maximumvalue:Ioc(x,y)Ioc(1,1)=1.2·1.2=1.2 minimumvalue:Ioc(x,y)Ioc(1,1)=0.8·0.8=0.8

That is, the current value Ioc detected by the overcurrent detection circuit (the overcurrent detection value) exhibits variations within a range of +20.0% to −20.0% (variation width=40.0%). As described above, the variation width of the related-art circuit shown in FIG. 9 is 62.4%. Therefore, the variation width of an overcurrent detection circuit in accordance with a first exemplary embodiment of the present invention is improved in the accuracy over that of the related art by 22.4%.

The prerequisite for achieving the improvement in accuracy of the circuit shown in FIG. 1 over the related-art circuit shown in FIG. 9 is summarized hereinafter. Assume the minimum value is xmin and the maximum value is xmax for the common variation coefficient x of Iref1. Assume also the minimum value is ymin and the maximum value is ymax for the common variation coefficient y of Iref2. Assume also the minimum value is zmin and the maximum value is zmax for the variation coefficient z of Rs. Then, the maximum value, the minimum value, and variation width of the variation coefficient of Ioc in the related-art circuit shown in FIG. 9 can be expressed as follows.

maximumvalue:xmaxzmin, minimumvalue:xminzmax, variationwidth:xmaxzmin-xminzmax

Further, the maximum value, the minimum value, and variation width of the variation coefficient of Ioc in the circuit shown in FIG. 1 can be expressed as follows.


maximum value: √{square root over (xmax·ymax)},


minimum value: √{square root over (xmin·ymin)},


variation width: √{square root over (xmax·ymax)}−√{square root over (xmin·ymin)}

Therefore, the prerequisite for achieving the improvement in accuracy of the overcurrent detection circuit in accordance with a first exemplary embodiment of the present invention over the related-art circuit is expressed as follows.

xmax·ymax-xmin·ymin<xmaxzmin-xminzmax

That is, if this condition is satisfied, an overcurrent detection circuit in accordance with a first exemplary embodiment of the present invention can exhibit an improvement in accuracy over the related-art circuit.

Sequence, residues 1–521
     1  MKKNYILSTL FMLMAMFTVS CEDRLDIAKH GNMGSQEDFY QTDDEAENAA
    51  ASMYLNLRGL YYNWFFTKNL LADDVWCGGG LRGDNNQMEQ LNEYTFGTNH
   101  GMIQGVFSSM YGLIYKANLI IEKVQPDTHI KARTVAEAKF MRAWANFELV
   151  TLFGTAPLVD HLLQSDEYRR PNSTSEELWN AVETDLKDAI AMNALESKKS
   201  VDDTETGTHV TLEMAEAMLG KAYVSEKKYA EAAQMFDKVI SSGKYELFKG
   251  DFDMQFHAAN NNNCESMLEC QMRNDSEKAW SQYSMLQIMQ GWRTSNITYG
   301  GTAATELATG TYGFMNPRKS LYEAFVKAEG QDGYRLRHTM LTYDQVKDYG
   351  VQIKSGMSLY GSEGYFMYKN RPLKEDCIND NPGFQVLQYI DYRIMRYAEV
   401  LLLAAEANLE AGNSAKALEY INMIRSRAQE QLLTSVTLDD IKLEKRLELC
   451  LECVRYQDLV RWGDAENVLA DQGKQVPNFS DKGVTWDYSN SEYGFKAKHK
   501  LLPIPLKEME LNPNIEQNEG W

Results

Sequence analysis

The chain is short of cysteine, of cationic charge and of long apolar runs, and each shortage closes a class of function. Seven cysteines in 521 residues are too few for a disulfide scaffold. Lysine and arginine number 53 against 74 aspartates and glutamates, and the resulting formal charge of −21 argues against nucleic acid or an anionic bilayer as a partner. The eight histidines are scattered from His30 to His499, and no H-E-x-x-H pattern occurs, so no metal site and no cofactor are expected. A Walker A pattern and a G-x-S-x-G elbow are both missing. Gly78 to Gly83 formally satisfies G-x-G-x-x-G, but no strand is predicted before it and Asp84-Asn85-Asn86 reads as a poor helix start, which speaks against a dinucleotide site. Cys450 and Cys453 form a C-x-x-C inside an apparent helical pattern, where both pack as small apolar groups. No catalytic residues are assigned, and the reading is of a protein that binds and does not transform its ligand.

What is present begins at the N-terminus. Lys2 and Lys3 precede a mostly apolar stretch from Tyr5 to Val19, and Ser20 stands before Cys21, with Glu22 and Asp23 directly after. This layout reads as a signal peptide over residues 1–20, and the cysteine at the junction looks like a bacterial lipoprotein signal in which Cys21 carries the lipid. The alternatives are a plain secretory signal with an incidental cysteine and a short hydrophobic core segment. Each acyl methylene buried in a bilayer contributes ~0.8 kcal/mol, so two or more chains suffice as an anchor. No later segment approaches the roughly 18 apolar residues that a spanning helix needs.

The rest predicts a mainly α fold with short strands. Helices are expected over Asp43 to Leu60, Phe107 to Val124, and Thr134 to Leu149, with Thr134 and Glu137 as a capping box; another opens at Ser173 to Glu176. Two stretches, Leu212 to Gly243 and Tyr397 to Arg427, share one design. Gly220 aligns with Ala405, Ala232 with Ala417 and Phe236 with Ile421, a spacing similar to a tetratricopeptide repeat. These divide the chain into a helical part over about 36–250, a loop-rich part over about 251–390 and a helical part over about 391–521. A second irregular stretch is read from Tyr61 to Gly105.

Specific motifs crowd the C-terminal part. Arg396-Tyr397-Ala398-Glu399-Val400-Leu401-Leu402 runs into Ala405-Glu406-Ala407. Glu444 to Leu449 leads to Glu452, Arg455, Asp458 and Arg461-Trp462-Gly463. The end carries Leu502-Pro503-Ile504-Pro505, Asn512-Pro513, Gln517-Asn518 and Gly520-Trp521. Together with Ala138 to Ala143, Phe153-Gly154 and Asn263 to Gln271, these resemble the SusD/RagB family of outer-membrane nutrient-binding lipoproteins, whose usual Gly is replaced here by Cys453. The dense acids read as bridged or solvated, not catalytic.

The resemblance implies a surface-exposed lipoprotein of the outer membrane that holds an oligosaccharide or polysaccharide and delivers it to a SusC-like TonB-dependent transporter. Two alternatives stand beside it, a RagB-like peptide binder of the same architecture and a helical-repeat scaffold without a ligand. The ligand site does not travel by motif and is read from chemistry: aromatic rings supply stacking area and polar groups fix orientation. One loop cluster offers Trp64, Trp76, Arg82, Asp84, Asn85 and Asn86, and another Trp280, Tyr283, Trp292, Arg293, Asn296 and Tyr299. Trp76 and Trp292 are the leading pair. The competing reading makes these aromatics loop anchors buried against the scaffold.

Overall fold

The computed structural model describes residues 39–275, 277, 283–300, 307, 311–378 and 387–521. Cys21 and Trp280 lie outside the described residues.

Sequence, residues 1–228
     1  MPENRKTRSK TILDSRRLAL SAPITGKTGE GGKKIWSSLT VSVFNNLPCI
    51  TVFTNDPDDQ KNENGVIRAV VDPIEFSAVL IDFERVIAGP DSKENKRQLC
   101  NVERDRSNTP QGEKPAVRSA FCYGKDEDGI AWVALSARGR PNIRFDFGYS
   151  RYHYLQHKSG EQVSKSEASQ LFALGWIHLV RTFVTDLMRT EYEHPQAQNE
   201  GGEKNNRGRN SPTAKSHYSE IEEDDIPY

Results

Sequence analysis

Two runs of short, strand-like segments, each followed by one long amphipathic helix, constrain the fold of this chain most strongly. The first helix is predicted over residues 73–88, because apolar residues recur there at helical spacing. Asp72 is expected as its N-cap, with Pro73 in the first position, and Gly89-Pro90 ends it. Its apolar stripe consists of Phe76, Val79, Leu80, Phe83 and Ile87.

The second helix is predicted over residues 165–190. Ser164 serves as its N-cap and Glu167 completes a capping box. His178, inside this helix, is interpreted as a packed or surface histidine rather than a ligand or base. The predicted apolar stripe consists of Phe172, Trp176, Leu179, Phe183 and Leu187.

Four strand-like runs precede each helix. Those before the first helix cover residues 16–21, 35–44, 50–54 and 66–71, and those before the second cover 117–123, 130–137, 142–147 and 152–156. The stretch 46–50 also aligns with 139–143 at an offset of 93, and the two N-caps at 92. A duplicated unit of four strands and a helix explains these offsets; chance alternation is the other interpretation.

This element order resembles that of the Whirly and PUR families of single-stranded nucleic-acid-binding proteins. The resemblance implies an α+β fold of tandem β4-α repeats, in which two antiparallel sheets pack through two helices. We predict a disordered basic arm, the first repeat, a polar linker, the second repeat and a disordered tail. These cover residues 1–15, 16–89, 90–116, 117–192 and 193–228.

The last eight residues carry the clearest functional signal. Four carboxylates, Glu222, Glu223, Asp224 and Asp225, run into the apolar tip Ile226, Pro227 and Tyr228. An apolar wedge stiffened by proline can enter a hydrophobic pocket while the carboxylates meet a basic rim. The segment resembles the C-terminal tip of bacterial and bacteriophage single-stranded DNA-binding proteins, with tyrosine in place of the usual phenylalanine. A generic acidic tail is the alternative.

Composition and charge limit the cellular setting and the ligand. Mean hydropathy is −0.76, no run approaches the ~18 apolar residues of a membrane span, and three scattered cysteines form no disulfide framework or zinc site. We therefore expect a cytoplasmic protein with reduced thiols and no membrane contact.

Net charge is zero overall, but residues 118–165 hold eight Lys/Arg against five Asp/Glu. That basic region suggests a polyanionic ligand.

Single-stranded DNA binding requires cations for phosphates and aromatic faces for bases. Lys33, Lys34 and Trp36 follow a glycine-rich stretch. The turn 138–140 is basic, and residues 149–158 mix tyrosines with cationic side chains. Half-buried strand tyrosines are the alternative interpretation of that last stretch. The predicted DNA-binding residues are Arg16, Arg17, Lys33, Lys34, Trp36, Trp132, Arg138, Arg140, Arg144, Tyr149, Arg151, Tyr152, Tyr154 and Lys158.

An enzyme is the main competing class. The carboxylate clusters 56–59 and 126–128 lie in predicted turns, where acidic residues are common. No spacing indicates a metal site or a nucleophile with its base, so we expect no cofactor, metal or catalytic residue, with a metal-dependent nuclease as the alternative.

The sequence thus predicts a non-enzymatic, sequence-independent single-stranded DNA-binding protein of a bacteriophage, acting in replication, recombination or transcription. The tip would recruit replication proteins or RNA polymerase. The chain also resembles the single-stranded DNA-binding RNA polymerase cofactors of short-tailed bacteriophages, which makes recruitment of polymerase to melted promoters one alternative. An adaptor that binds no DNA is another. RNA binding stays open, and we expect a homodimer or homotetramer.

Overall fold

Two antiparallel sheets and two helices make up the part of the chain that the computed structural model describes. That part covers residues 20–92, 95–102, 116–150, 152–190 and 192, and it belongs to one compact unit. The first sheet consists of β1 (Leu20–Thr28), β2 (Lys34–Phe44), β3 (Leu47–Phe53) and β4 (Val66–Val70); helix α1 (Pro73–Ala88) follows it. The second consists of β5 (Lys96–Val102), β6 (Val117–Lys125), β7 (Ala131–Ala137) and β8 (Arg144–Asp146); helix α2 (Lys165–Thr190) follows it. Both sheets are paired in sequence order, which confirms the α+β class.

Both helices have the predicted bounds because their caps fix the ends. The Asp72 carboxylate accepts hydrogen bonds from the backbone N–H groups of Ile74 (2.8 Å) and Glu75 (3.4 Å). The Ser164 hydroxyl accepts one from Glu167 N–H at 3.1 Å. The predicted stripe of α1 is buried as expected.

Note that even when the electrical power supply to the load 2 is controlled to the Off-state by the transistor Q1 in the circuit shown in FIG. 1, a current could flow from the power-supply voltage terminal 1 to the load 2 on the current path through the transistors Q6, Q3 and Q5. To prevent such a current leak, the circuit can be modified as appropriate to a circuit configuration shown in FIG. 4 in which an additional PMOS transistor (switch element) SW1 is provided on the above-described current path. The source of the transistor SW1 is connected through the input terminal 3 to the power-supply voltage terminal 1. The drain of the transistor SW1 is connected to the drain of the transistor Q6. The gate of the transistor SW1 is connected to a voltage control signal S1. The remaining circuit configuration is similar to that of the circuit shown in FIG. 1, and therefore its explanation is omitted.

The voltage control signal S1 is changed in its voltage level according to a control signal output from the control circuit 5. For example, when the transistor Q1 is controlled to the Off-state, the current flowing between the source and drain of the transistor SW1 is also controlled to the Off-state. With a circuit configuration like this, the switching between On/Off states of the current flowing through the transistor SW1 is controlled at the same moment when the On/Off state of the electrical power supply to the load 2 is controlled by the transistor Q1. Note that although a PMOS transistor is used for the transistor SW1 in the circuit shown in FIG. 4, the present invention is not limited to this configuration and other switch elements capable of controlling the switching between On/Off states of the current may be also used.